4. I always have my ears perked up for something new in metal detectors and metal detecting technology. I’m not educated enough to really get deep into the technical side of it, but I have a general layman's knowledge of the subject. A couple years ago Carl Moreland, the Engineering Manager for White's Electronics, was interviewed on a radio show. I tripped over a reference to the interview on another forum and checked it out. It is very long, and near the end Carl dropped a bombshell. At least I thought so, but it went unnoticed and uncommented on in the metal detecting online world. I thought about posting it on a forum back then but decided to wait and see what developed. Here is the applicable portion of the interview: Relic Roundup Radio Show, January 17, 2012, Interview with Carl Moreland, Engineering Manager, White’s Electronics http://en.1000mikes.com/app/archiveEntry.xhtml?archiveEntryId=260469 Transcript beginning at 50:57 mark: Carl Moreland - “I can mention one technology that we’re working on because the patent has already been published… or the application, not the patent hasn't gone through yet. We’re working on something called half sine technology, which has actually been around since the 1960’s in geophysical prospecting applications. This is where instead of transmitting a sinusoidal signal you actually just transmit half of the sine and you can do that at extremely high voltages and high ? rates and so on. It’s technically not pulse induction but it’s not VLF either and it is a time domain method. And with that we can get really good depth and we can even get target id information and do discrimination and so forth.” Can you see why I perked up at that? I am still amazed it did not get any notice at the time. Nothing happened for a long time. Then I got this PM from Rick Kempf recently: Sent 29 January 2014 - 09:04 AM Was looking for info on my new SD 2100 this AM when I sort of fell down a rabbit hole of old forum posts and emerged reading Whites new patent. About the first thing I noticed was that you were cited in "prior art". Here's what they cited: http://www.voy.com/76600/7/475.html The patent is here: http://www.google.com/patents/US20110316541 Is this something you knew about? Just wondering. Rick Kempf I told Rick, yeah, heard about that. It was the patent finally being granted from the application Carl mentions in the interview. It was fun getting a mention in a patent though I think it was just the examiner studying up on the subject and finding my old post helpful in simplifying the subject. For a long time the Holy Grail in metal detecting has been something that combines the target identification of an Induction Balance (IB or more commonly known as VLF) detector with depth of a Pulse Induction (PI) detector. There have been many promises and false starts over the years, and that was one reason I kept the radio interview mention quiet the last couple years. Frankly, I had half forgot about it until Rick brought the patent being granted to my attention. Notice the title: Hybrid Induction Balance/Pulse Induction Metal Detector A new hybrid metal detector combines induction balance and pulse induction technologies. Target signals are generated from a transmitted wave that has both induction balance and pulse current inducing characteristics and uses pertinent sampling of the receive data. Combining the two data sources provides eddy current target identification while excluding ground permeability and remanence obscuration. Is it time to sing Hallelujah? Well, there is a big gap in between getting a patent and bringing a detector to market. Many patents get filed and you never even see something directly related to the patent. Maybe it looked good on paper but does not pan out well in reality for numerous reasons. So just because White's was granted this patent does not mean something is around the corner. However, they have been working on it for over two years already obviously. And it has been some time since White's put something new out. I do not count remakes of the MXT etc as new. So I think there is reason to be hopeful we may see something one of these days. John Earle is one of the unsung heros in the industry. He had a hand in many of the best products at Compass Electronics before moving over to White's after Compass went under. To this day I have never used a VLF that goes any deeper than my old Compass Gold Scanner Pro. John was one of the brains involved in that, as well as the White's Goldmaster 3, regarded by many as being the pinnacle of the analog development of that model line. I was fortunate to have met John at the factory some years ago. He is listed as the inventor on the new patent. Half sine technology is also mentioned in an earlier patent filed by White's, again with John listed as inventor at http://www.freepatentsonline.com/7649356.pdf Looks like serious stuff brewing. Bruce Candy of Minelab makes mention of half sine technology in a patent application at http://patents.com/us-20130154649.html which makes me wonder about the new "Super Gold Detector" he is working on. But it is this most recent patent by White's that seems to put the finest point on it. Maybe the Holy Grail of detecting is soon to be a reality. The fact it is White's certainly gives me more hope than what we have seen in the past. Edit May 2015 - see also White's patent for Constant Current Metal Detector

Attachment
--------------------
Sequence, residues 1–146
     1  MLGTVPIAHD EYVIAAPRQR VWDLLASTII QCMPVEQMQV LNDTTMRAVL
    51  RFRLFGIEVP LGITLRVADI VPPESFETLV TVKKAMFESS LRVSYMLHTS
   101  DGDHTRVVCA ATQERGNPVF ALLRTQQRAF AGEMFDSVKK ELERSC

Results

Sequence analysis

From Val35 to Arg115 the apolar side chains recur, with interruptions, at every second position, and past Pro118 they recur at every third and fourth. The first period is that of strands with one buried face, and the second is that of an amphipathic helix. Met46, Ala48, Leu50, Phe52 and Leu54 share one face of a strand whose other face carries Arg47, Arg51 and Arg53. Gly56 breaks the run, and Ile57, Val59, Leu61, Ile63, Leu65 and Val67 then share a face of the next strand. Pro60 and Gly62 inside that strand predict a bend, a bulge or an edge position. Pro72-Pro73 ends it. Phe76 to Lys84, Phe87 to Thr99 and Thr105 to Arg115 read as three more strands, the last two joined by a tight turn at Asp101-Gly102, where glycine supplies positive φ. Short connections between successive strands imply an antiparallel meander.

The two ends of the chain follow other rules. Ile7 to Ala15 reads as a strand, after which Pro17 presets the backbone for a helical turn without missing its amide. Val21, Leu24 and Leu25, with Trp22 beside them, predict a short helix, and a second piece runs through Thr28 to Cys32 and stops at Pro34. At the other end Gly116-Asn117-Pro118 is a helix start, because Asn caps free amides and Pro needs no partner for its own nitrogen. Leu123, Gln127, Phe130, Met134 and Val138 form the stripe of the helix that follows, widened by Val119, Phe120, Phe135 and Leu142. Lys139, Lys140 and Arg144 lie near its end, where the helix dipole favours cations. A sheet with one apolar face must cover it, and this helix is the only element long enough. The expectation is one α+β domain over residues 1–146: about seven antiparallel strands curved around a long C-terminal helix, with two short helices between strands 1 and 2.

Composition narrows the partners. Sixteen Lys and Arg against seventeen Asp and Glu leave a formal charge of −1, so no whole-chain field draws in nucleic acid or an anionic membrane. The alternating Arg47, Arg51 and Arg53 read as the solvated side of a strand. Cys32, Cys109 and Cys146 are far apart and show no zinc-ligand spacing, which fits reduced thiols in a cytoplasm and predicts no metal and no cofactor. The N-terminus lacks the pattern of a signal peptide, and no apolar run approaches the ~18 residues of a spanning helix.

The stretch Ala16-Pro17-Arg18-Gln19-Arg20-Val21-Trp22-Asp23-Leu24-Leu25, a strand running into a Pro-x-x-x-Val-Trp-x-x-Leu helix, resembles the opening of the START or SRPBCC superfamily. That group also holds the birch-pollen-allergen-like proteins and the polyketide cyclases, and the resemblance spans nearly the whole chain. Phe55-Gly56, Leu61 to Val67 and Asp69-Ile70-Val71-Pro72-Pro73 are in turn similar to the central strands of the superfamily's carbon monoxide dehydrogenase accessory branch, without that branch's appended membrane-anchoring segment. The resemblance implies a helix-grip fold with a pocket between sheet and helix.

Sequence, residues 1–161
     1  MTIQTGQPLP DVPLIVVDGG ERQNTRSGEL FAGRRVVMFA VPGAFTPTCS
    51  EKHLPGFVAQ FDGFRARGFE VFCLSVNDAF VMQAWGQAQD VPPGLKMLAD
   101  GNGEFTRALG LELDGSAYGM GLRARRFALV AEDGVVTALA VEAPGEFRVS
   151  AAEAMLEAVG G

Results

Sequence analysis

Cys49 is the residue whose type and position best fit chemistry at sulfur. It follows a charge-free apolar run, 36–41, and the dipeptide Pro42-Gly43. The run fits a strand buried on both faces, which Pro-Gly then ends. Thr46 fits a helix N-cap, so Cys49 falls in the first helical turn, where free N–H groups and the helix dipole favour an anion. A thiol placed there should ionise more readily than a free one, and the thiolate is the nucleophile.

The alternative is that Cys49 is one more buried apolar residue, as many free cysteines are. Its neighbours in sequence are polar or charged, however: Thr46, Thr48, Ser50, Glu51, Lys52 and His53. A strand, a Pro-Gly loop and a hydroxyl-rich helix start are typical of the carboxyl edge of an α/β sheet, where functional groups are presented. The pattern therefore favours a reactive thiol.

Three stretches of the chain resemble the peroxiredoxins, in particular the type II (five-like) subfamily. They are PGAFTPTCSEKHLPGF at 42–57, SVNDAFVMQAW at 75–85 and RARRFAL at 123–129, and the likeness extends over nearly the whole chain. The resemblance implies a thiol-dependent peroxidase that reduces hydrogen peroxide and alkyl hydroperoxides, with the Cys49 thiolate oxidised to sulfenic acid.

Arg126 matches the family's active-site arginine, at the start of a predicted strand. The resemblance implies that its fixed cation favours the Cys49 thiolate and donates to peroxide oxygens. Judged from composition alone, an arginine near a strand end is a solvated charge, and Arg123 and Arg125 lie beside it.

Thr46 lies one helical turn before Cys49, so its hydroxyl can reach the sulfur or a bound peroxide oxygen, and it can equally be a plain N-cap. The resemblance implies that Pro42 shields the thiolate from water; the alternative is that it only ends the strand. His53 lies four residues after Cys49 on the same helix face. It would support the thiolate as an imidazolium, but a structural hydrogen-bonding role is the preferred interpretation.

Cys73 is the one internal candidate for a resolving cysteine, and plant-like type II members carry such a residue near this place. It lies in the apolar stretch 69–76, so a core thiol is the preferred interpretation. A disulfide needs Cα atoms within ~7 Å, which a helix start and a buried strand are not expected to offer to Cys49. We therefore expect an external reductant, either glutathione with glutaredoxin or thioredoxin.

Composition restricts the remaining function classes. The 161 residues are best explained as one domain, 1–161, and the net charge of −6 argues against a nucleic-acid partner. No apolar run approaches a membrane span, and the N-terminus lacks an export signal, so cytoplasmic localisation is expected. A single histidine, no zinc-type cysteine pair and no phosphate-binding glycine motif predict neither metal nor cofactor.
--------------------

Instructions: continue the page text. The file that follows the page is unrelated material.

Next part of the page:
5. Hi Cliff, I enjoy two things about metal detecting. The actual going metal detecting for stuff part is the real fun part. But I also just like learning about new detectors. It is fun figuring out what each model does best. So I do have a tendency to get infatuated with new detectors. A simple case of Stevie gets a new toy. I find PI detectors to be more challenging than VLF detectors and so the ATX is right up my alley. GBPI detectors have always been clunky, heavy beasts, but in the ATX I see the potential finally for a PI that is more in line with what people expect from a VLF. The ATX runs more like a VLF than a PI, just with different operating characteristics. And it could obviously be put in a package weighing under 4 pounds. I do not know who will do it first but I can see that a light weight high performance GBPI is now just around the corner. Garrett can do it first, the question is will they?